Plus the irrepressible Alyssa was on hand to photograph and we get so much better pictures outside.
|color me surprised|
We started out walking and G was like "just walk him down through this EPIC LINE OF POLES" (not a direct quote) and I was like "LULZ NO PROBLEM" even though Courage has a long history of flipping his shit about poles.
But guess what?
He was totally chill about them.
I think G's approach helped--instead of just being like "ALL THE POLES", he had us do trot circles at the bottom of the arena, focusing on leg yielding out to lengthen Courage's stride and control his shoulders. Then I'd maintain the rhythm and contact and go right through the poles like nbd.
|THAT IS THE RIGHT LEAD|
I tried to not anticipate trouble and ride well, but as we cantered around on the right lead, Courage thought about flipping his shit a little and sort of got all hopping and bouncing backwards and like "OH HELLZ NO".
And G was like "is this normal" and I'm like "yeah..."
Because it is something he does under pressure, even if the only pressure is on his brain.
Instead, we added in a little crossrail at the end of the epic poles. The challenge was to make it the exact same ride for me and just let Courage do what he needed to.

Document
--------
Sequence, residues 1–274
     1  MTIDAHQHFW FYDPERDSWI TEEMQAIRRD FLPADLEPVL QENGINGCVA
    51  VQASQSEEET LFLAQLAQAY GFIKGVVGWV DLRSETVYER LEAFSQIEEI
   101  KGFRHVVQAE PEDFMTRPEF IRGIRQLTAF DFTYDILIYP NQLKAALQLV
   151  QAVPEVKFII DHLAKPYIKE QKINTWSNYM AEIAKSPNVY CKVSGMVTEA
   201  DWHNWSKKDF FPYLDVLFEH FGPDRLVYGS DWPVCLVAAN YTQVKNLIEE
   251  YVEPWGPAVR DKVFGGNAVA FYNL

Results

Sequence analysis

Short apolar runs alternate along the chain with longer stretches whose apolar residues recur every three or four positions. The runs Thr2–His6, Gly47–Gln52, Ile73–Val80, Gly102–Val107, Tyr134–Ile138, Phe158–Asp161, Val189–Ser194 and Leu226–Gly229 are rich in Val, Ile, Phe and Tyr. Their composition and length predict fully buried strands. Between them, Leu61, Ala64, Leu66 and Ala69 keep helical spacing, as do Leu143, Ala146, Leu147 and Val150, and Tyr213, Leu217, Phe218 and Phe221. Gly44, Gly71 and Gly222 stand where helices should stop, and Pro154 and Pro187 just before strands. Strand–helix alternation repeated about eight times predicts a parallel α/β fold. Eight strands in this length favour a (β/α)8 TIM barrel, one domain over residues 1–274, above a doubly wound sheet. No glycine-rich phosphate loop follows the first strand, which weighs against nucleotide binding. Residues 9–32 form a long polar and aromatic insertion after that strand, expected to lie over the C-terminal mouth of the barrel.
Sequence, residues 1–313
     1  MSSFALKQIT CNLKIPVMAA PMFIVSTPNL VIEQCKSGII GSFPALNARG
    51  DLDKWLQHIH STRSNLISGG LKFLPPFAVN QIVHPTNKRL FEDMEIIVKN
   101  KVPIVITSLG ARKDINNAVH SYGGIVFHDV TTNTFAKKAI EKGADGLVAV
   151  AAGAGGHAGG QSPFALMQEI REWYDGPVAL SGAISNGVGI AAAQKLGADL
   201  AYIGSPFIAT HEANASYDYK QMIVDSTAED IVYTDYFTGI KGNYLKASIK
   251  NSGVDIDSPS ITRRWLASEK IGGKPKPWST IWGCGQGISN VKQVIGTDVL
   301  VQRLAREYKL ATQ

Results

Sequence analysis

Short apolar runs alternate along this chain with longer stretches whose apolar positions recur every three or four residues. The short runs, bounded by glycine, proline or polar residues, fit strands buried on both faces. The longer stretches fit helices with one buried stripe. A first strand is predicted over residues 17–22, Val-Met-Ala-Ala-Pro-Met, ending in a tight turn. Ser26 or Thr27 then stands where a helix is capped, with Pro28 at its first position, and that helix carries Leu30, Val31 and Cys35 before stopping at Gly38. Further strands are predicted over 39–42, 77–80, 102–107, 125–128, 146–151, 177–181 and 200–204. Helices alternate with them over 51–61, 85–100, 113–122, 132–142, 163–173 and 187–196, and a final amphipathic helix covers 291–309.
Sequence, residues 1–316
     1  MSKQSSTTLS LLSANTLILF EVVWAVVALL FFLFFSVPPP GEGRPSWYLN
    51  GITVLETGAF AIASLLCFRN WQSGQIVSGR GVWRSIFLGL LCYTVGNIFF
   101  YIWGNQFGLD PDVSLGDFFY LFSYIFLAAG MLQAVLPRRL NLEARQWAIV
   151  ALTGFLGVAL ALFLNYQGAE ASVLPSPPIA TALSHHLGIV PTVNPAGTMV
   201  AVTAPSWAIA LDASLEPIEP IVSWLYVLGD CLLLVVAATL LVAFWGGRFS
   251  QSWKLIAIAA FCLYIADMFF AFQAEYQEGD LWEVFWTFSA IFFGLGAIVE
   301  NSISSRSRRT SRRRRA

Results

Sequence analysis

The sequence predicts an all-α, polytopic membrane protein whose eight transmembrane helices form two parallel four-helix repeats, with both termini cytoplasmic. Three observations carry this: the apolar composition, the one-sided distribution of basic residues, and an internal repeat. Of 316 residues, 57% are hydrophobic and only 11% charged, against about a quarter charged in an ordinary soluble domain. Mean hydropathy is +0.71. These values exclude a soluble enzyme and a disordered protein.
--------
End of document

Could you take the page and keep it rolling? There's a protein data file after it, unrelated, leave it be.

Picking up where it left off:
It was surprisingly non-dramatic.
|my only defense is "possessed right hand"|
So we did it some more.
Then took a break, then did it more.
Essentially, we created the consistency and trust that Courage needed to be successful at this exercise and to set him up to be confident further down the road.
Then G made the jump into a wee vertical.
And Courage was fantastic. We were able to just have that same ride with a slightly bigger fence.
It all felt very natural and effortless, in the sense that I was so preoccupied with riding well that I had no time to think about much else.
And when I feel like I'm actually (somewhat) in control of the situation and can actually ride my horse, the nerves go away. So yes. Whole entire jump lesson and no fear. I call that a win.
And he's like "really, once we get this worked out, you'll move right along".
I have lots of takeaways and plenty of homework (HOW WILL I DO JUMP HOMEWORK MUST DRESSAGE SO MUCH DRESSAGE) and I'm ready to work on all of it. I can feel my horse progressing and that makes me happy.